The Answer is Always “YES”
I threw my bedroom slipper at the TV as the politician answered Mike Duffy’s question: “Well, you see, Mike, we have to remember that ...”
Drone, drone, drone, push agenda, evade the issues.
The question required a simple answer, “Yes” or “No”, but the question was dismissed and a self-serving statement took its place.
The next morning, facing a class of end-users for a course in Advanced Excel I found myself droning, pushing my own agenda (“I’m really great, you see!”) and avoiding the issue.
I decided to be better than any politician, by listening to the question (Now there’s a concept!), and answering the question; elaborating only if the enquirer asked for elaboration.
Two weeks later I confided to Bess King that I’d discovered a shocking fact:-
I’d answered every question in class with “Yes”.
In two weeks, 5 days a week. Intelligent business types, Windows desktop applications.
How Could this Be?
It turned out that the ONLY question students asked were of the nature “Can I bold this?”, “Can I copy this?”, “Can I paste this?”, “Can I rotate this?”, and so on.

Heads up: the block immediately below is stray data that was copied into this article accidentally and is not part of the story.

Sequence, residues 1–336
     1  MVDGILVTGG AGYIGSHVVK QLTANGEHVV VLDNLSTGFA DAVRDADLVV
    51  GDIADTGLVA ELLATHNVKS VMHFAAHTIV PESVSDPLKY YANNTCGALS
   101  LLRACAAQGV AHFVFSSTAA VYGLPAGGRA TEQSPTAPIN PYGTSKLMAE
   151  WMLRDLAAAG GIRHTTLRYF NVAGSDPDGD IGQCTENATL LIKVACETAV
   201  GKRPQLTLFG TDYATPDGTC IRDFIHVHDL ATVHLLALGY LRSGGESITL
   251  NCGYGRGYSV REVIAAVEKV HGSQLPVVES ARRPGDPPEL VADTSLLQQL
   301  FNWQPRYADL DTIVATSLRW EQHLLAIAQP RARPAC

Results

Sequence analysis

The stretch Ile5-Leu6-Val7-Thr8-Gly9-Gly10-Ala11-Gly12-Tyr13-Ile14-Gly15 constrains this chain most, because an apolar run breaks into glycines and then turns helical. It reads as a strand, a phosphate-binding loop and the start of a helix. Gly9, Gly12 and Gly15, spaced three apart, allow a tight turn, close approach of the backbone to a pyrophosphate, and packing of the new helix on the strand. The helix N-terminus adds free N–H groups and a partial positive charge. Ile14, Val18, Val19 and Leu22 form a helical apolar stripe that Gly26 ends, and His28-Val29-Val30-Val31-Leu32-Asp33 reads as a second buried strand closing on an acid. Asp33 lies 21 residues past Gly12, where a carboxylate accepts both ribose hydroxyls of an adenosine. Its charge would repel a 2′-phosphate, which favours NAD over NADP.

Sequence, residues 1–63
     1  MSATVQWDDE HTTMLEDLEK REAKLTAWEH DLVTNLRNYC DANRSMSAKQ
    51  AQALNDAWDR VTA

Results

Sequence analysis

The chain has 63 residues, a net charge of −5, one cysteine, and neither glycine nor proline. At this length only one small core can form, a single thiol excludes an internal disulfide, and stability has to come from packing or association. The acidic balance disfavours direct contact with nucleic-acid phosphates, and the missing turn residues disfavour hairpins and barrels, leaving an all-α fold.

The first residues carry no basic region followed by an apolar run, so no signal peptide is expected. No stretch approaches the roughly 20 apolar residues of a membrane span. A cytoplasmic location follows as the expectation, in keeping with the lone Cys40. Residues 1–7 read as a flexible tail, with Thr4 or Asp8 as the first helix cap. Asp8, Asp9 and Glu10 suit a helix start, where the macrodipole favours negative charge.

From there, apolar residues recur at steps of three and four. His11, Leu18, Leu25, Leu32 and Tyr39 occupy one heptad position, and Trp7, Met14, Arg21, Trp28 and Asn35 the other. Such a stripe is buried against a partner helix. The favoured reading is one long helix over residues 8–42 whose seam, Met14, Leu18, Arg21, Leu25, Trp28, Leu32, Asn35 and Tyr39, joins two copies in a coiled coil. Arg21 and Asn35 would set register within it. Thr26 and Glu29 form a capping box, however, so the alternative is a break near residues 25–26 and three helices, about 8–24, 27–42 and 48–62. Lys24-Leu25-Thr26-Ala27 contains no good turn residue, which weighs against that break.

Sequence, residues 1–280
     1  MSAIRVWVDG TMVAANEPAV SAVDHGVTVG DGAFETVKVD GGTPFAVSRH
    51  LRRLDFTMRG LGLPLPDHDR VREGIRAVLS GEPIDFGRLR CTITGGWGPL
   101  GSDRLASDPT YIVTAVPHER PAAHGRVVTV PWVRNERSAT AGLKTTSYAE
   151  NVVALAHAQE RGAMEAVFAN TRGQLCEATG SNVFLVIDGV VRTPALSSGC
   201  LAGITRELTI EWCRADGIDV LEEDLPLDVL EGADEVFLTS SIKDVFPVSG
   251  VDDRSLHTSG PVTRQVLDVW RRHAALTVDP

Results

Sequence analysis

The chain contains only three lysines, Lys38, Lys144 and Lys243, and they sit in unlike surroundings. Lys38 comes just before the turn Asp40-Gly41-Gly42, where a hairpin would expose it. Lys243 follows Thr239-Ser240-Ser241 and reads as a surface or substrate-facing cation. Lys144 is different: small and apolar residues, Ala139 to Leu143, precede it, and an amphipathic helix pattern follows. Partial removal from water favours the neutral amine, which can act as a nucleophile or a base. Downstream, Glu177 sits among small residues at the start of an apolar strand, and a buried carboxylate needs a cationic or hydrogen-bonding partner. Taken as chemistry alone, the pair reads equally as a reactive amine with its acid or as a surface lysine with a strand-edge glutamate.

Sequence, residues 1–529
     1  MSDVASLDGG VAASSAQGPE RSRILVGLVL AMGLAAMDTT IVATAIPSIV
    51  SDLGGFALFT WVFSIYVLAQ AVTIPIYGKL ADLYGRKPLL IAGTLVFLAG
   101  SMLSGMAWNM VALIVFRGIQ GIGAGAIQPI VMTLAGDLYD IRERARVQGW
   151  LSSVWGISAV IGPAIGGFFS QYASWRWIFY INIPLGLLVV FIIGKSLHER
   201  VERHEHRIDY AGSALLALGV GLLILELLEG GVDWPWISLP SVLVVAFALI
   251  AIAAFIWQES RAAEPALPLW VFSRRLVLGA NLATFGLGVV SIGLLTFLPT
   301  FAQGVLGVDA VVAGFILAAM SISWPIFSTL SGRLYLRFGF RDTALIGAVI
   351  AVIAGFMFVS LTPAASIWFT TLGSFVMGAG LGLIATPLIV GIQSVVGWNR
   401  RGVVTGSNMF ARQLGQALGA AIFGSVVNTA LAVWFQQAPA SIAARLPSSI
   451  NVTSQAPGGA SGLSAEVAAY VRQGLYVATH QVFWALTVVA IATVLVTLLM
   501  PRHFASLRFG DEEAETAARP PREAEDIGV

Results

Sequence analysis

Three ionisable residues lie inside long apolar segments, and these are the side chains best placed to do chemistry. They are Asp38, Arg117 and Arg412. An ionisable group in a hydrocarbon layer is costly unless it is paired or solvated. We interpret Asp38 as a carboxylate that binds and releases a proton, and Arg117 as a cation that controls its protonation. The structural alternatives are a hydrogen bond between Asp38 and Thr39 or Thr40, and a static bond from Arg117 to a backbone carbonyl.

So at the start of the next class, 9 a.m., I announced that I was going to answer every question with “Yes”.
Stunned silence for ten seconds, and then “Really?”
“No matter what the question is?”
Why is this?
It turns out that people attend classes to get answers, and the questions they pose are realistic, and all boil down to one type:
“Will this computer system help me get my job done?”
Now if the answer to that form of question is ever given as “No”, then the next question has to be “Then what is this lump of metal-and-plastic doing on my desk?”
We had a few interesting questions. Like the petite brunette who smiled at me from the front row and asked cheekily “Will you marry me?”.
And why not? I could do worse than marry a woman who has courage to ask cheeky questions, who thinks outside the box, who enjoys mental tugs-of-war.
That September I ate in the Al Lago with Rick and made the comment that I’d driven in every mainland state of the United States except for Alaska.
“So, are you going to drive to Alaska?”.
(Astonished) “When did you decide that?”.
And the next May I drove my little Hyundai Excel to Prince Rupert, then through Terrace, Whitehorse, Fairbanks and Anchorage, back through Whitehorse, Terrace to Prince Rupert, and then back home to Toronto.
23,000 kilometers in 29 days.
Was it The Trip of a Lifetime?
Toronto and Mississauga, Sunday, December 11, 2011 4:07 PM
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